At the end of the Boston marathon in 2013 two pressure cooker bombs went off. The terrorists escaped and the internet mob went in search of their identities. Speculation became ‘truth’ to many trying to find the answers on Twitter, Reddit and many blogs scattered over the internet. Rumour and hearsay led people to believe that the bomber was Sunil Tripathi, a university student who had disappeared the previous month. Salah Barhoum was also fingered by internet sleuths. Both men were innocent. But that did not stop people from harassing their families and causing them mental and reputational harm.
Citizen journalists were unshackled from the restrictions placed on their traditional counterparts. They had no editorial oversight or legal consequences to think about. They let their imaginations take hold. Fiction became fact. During the middle of this witch hunt talk radio host Greg Hughes tweeted:
Journalism students take not: tonight, the best reporting was crowdsourced, digital and done by bystanders.
The bungled Boston bombing internet hunt shows why what those students were studying is so important. The investigative skills that help journalists reveal the truth are important. The ethical standards which ensures that journalists publish only what they are sure of are important. The responsibility to the accused and to the audience are important.
Effective journalism requires more than just an internet connection. Someone can pump out content quickly without researching it or concerned with what their actions will mean. Exaggerated claims and clickbait headlines will still drive traffic to these stories. It doesn’t matter if they are correct. Eyeballs on these pages generates just as much, if not more, money than high-quality, responsible reporting. Such competition has led to a decline in digital journalism standards and leaves the door open for fake news.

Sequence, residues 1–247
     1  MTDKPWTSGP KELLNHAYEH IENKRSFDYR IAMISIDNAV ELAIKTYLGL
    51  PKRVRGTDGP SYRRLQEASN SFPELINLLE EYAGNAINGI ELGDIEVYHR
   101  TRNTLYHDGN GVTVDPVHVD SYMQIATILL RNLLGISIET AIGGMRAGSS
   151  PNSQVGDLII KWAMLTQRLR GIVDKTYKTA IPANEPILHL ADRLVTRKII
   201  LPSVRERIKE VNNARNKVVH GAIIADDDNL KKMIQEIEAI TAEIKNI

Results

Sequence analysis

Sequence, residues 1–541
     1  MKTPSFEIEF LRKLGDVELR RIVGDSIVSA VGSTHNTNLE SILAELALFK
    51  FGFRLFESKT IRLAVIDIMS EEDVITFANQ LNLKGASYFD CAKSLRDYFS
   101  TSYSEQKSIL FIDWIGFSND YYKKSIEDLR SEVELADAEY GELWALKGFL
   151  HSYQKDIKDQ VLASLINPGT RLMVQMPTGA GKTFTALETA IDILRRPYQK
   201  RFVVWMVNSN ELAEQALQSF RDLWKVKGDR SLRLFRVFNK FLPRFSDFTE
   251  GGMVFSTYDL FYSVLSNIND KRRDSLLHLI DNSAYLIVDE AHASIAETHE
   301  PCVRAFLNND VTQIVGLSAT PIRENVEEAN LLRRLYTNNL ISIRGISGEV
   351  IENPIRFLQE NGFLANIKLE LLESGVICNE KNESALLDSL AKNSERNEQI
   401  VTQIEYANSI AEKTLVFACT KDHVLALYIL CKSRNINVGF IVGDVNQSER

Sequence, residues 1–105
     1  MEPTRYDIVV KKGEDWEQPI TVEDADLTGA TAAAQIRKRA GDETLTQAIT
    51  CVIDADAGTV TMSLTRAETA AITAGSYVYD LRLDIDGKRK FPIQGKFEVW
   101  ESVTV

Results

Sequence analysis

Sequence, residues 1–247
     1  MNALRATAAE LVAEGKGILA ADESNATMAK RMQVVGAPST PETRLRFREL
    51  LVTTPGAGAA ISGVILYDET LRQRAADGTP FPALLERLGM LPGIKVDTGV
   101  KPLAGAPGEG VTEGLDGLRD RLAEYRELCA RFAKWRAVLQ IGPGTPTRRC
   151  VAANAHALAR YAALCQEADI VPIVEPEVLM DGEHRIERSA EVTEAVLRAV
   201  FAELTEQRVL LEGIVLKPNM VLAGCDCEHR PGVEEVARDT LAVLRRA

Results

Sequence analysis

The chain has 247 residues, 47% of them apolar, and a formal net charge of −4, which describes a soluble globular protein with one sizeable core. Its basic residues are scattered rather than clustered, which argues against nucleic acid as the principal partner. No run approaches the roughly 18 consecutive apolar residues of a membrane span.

Alex Warren summed it up best:
Citizen journalism helped to define the new era of amateur internet reporting. It taught us that being involved is more important than being an expert; that being first is more important than being thorough; and that being sharable, is more important than being right.
But the promise of citizen journalism can still be fulfilled. With the right tools and processes people can report on what is going on around them in a responsible way. At Mogul News we want to empower everyone to understand their world. We think that passionate local voices need to be heard. We think that informed experts should have a place to share their knowledge and views. The world is too fast moving and complex for any one newsroom to be able to report on it. The world needs to become a newsroom. Fact checking and editors are vitally important to this. But why do they need to be locked in a room in some office in New York or London?
We are building the technology to connect writers and journalists with editors who will double check their content and make sure it is fit to print. By decentralising the editorial process we can create a world where citizen journalism works. Automation, as I talked about last week, is an important part of this. The result is going to be Mogul News, a trusted platform that empowers everyone to have their voices be heard.